By Clive Bernath
Preparation is everything in boxing. The noble art is like no other sport. In order to succeed in the square ring, a fighter must be in top shape, both physically and mentally and, just as importantly, be surrounded by a solid, close knit team. Lennox Lewis will not be afforded that privilege when he attempts to regain his undisputed heavyweight crowns against American Hasim Rahman in Las Vegas in the early hours of Sunday morning – no matter what spin he chooses to relay to the world’s media.
There will be no Panos Eliades, whose money and excellent negotiating skills, allowed Lewis to realise his dream of becoming undisputed heavyweight champ. There will be no Frank Maloney, nor will there be his brother Dennis. Promoter Eliades and Dennis Lewis were officially axed earlier this year. But Frank hung on until he was forced out last week.
All three had been instrumental in guiding the West Ham-born fighter to become Britain’s first world heavyweight champion of the last century. Over the last two weeks, Eliades has been sitting in a New York court listening to evidence in his $700 million lawsuit against his former fighter. Maloney, who was ousted publicly by Lewis last week after more than 11 years for refusing to sign a confidentiality agreement, is also expected to take legal action against the former Olympic champ.
This is not the ideal preparation for Lewis to say the least, as he prepares to meet Rahman, the man who knocked him cold in the fifth round of their WBC, IBF and IBO title fight in South Africa back in April. Lewis lost that fight for many reasons. The general feeling is that he was defeated by his own arrogance. He was under the delusion that all he had to do was turn up, knock Rahman out, retain his title, then start talking telephone numbers with Mike Tyson.
Well, that didn’t happen did it? We all know by now, the quietly-spoken Briton failed to train properly, preferring instead to concentrate on making movies, and then arrived in South Africa just 11 days before the fight, thus failing to adjust to the altitude. The heavyweight championship of the world is the most treasured and respected title in sport. And, to my way of thinking, Lewis completely disrespected the memories of those fine champions of the past, such as Joe Louis, Muhammad Ali, Rocky Marciano and Floyd Patterson, who sweated blood and tears to claim the ultimate honour.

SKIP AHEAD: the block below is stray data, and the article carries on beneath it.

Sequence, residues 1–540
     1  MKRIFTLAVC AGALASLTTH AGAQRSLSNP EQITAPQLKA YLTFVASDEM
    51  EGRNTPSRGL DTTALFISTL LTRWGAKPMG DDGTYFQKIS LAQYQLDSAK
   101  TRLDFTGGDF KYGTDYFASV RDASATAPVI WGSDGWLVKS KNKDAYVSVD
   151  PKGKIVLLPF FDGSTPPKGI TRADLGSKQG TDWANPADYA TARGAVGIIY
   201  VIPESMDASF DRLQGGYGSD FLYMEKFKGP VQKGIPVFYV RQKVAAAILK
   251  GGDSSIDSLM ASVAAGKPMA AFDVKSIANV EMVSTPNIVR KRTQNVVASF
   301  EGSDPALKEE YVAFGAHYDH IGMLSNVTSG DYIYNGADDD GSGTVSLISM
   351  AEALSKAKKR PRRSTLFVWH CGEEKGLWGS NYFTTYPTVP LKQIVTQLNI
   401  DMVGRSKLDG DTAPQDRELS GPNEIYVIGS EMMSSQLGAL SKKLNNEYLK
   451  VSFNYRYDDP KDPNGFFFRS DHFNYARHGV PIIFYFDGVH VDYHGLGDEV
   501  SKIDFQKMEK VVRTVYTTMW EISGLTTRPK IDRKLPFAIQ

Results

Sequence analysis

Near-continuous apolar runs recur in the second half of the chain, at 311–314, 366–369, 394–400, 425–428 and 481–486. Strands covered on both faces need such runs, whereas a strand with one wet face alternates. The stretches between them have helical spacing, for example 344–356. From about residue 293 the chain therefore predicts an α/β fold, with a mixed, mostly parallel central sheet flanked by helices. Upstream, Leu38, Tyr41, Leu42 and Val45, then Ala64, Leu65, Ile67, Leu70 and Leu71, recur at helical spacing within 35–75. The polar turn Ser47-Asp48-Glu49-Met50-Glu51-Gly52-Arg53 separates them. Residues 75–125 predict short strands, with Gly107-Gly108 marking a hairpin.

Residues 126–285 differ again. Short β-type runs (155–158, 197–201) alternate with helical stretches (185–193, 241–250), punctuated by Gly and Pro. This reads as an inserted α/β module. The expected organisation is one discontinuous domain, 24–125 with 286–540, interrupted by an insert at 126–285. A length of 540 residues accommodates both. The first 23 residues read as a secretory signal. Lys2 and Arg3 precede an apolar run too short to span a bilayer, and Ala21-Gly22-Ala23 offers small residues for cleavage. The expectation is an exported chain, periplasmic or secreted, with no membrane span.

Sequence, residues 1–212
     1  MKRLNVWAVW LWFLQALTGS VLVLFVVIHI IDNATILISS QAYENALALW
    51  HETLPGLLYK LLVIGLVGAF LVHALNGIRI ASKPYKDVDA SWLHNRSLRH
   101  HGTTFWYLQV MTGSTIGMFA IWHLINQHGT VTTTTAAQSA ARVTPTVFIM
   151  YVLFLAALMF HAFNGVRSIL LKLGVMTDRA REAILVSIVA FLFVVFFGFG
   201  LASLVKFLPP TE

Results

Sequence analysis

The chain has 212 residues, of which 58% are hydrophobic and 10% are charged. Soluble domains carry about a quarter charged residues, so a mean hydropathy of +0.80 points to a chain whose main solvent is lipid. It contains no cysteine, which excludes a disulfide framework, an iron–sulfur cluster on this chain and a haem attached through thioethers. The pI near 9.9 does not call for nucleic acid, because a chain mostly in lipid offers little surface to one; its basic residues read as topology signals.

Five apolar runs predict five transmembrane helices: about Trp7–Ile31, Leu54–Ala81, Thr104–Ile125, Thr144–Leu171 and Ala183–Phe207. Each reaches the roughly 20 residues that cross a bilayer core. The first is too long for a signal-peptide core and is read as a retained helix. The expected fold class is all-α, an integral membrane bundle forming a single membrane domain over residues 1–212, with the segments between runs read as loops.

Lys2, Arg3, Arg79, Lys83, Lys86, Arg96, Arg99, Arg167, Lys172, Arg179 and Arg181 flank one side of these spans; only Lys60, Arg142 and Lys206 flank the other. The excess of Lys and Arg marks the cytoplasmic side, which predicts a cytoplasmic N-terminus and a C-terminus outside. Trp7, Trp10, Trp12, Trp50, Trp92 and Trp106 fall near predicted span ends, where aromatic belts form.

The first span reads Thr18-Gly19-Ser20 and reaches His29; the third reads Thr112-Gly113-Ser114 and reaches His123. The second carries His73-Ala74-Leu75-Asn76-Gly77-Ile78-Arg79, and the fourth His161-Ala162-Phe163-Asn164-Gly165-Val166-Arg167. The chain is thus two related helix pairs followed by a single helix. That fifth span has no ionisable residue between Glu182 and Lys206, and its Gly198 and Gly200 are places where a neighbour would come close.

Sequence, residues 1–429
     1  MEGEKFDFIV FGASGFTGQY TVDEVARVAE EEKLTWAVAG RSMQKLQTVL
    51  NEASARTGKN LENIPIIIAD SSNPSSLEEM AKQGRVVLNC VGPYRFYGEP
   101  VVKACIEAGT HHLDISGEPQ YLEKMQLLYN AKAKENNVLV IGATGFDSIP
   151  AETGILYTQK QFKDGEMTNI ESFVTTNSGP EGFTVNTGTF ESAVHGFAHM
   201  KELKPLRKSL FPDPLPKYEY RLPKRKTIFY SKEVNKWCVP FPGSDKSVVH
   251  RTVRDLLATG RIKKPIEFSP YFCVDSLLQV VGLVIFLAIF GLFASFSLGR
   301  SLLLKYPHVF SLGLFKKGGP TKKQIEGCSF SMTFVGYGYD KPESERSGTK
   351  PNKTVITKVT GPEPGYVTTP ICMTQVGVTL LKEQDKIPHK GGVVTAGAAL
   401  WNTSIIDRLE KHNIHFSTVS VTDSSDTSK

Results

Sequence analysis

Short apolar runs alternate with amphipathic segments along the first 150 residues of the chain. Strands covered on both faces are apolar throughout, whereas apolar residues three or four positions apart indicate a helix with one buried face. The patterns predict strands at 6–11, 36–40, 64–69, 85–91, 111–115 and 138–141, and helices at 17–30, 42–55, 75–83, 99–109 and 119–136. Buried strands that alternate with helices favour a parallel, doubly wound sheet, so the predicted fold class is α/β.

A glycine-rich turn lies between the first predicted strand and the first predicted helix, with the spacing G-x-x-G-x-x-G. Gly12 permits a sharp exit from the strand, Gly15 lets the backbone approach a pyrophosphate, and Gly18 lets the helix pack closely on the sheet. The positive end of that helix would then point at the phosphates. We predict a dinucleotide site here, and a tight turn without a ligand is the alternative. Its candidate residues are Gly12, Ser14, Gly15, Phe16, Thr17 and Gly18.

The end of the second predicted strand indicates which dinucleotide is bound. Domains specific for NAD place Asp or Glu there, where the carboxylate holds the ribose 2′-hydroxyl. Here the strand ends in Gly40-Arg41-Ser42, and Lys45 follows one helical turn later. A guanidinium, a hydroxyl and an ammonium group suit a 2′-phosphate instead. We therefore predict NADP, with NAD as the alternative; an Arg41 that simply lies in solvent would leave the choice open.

Even before Lewis lost to Rahman, talk of him being inducted into the International Boxing Hall of Fame was rare, but the defeat in Carnival City surely erased any such aspirations the former champ may have had. The sad thing is that Lewis’s demise should never have got this far, had he kept faith with his old team.
Experience teaches us many things and one of those vital encounters is, ‘Why fix something, if it ain’t broke? Businessman Eliades took a massive gamble on Lewis when he was offered the contract of Lewis from the disgraced tycoon Roger Levett way back in 1991. As there is a court case being conducted at this time, for legal reasons I can’t delve too deeply, but what I can say is that if Eliades had not taken up the contract Lewis would almost certainly have been forced to ply his trade in America, and who knows where he would be now?
Lewis and Maloney not only guided Lewis to the heavyweight championship of the world by defeating Razor Ruddock in 1992, they picked up the pieces when he surprisingly lost the crown to Oliver McCall.
Eliades fought the streetwise Don King in court and won in order to get his man back in the world title picture and a rematch with the King-promoted McCall. Lewis won the rematch and was again crowned WBC champ. He then went on to defend four times before the controversial draw with Evander Holyfield in 1999.
Eliades and Maloney fought hard to get the rematch, which Lewis won unanimously on points. Yet Eliades and Dennis Lewis were then axed after Lewis’ defence against Frans Botha in London in July 2000.
Lewis promoted one of his back room staff, Adrian Ogun, to become his business manager, a man with limited experience in the cut throat world of professional boxing. Since Ogun has been in charge, Lewis chose to defend his crowns in South Africa of all places, where the altitude for even local fighters is unbearable, and lost his titles to Rahman in the process.
Ogun set up Lion Promotions with Lewis with the intention of promoting Lennox’s own fights, but sold the rights to the Rahman rematch to Don King, a man Lewis swore he would never do business with.
Lewis is now going into the biggest fight of his life burdened by the prospect of two financially crippling court cases and this would never have happened under Eliades and Maloney. Will Lewis’ mind be on boxing matters when the bell rings against Rahman? The answer will be revealed this weekend.